How Microsoft is taking cloud-powered innovation beyond Earth with Azure Space
The space community is growing rapidly and Microsoft’s Space team is developing capabilities and services to meet its needs for extended connectivity across the world, simulated digital space environments, and ways for dealing with the huge amount of data generated from satellites.
Stephen Kitay – the Former Deputy Assistant Secretary of Defense for Space Policy and now Senior Director at Microsoft Azure Space – shared with Help Net Security how the company is helping drive innovation both on the ground and in orbit.
To a certain extent, space cybersecurity is unexplored territory because we’re implementing some things for the first time. How is Microsoft leveraging its decades of experience to help build a foundation for information security in this area?
With the enormous challenges space presents, there also comes great opportunity. The space community is growing rapidly, and innovation is lowering the barriers of access for public and private sector organizations.
Microsoft has a unique optic into emerging threats based on analysis of over 8 trillion threat signals daily by a team of more than 3,500 global security experts. Microsoft’s unparalleled threat vantage point provides our customers with world-class threat detection technologies including those built into Azure, Windows, and Microsoft 365.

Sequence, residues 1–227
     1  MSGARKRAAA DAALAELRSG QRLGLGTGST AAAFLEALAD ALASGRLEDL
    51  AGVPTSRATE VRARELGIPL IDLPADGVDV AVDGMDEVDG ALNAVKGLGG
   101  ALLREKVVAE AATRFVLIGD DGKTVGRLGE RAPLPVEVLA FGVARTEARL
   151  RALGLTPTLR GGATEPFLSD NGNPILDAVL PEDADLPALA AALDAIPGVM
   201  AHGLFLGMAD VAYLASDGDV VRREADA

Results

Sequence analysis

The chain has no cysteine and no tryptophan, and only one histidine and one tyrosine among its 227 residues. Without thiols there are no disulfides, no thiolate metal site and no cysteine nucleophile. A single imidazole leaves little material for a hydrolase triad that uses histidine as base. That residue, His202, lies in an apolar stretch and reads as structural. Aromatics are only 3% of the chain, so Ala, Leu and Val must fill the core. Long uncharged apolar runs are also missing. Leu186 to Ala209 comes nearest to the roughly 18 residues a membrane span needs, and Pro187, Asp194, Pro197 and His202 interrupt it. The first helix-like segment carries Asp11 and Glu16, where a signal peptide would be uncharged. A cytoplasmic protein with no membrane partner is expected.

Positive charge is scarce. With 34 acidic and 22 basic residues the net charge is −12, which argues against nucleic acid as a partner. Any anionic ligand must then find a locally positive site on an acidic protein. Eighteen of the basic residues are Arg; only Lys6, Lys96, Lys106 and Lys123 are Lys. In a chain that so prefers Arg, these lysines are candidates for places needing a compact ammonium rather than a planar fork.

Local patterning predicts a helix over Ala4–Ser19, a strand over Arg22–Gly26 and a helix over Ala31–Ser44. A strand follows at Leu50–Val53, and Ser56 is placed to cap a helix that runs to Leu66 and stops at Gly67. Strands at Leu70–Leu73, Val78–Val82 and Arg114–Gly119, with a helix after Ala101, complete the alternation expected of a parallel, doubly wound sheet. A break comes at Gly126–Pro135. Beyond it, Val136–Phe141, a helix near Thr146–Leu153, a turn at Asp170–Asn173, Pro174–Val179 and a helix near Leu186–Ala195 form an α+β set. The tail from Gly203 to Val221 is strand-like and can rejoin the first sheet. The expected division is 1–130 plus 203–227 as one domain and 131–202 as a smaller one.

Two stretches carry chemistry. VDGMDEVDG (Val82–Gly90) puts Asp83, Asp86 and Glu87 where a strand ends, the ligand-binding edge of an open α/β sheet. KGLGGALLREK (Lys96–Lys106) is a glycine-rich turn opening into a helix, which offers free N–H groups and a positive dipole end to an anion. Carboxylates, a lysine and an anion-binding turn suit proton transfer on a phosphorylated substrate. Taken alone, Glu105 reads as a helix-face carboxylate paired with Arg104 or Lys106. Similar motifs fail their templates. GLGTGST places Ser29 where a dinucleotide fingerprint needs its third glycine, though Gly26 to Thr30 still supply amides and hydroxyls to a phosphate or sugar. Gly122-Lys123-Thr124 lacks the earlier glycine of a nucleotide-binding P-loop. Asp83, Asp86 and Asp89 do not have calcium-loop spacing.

We continue to explore innovative ways to apply these solutions toward protecting space systems. This level of investment and expertise from Microsoft will help support the mission of the Space ISAC to enhance the space community’s ability to detect threats, bolster protections, and develop defense strategies.
Recently, the Space Information Sharing and Analysis Center (ISAC) announced Microsoft has become a founding member. What are your long term goals?
The goal of the Space ISAC is to enhance the community’s ability to prepare for and respond to vulnerabilities, incidents, and threats; disseminate timely information, and serve as the primary communications channel for the space sector. Microsoft joins this organization as a member with the same goal of advancing the protection of space-based critical assets vital to government agencies and the global economy.
As the first hyperscale cloud service provider to join this member organization, we will share our unique global threat insights to protect critical infrastructure and strengthen cybersecurity expertise in the space community.
Satellite diagram for Microsoft Azure Space
What is Azure Space and why was it created? How did you envision never-before-seen security challenges when building it?
Space makes connectivity and compute increasingly attainable across industries like agriculture, energy, telecommunications as well as across the public sector. At Microsoft, we share this ambition to grow the community, which is the basis for Azure Space.
We are diligently working to make Azure the platform of choice for the mission needs of the space community, bringing our unique global threats insights to protect critical infrastructure and strengthen cybersecurity expertise in the space industry.
Azure Space is a set of innovative offerings, a partner ecosystem and a global strategy focused on specific core areas to addresses never-before-seen security challenges. These areas include: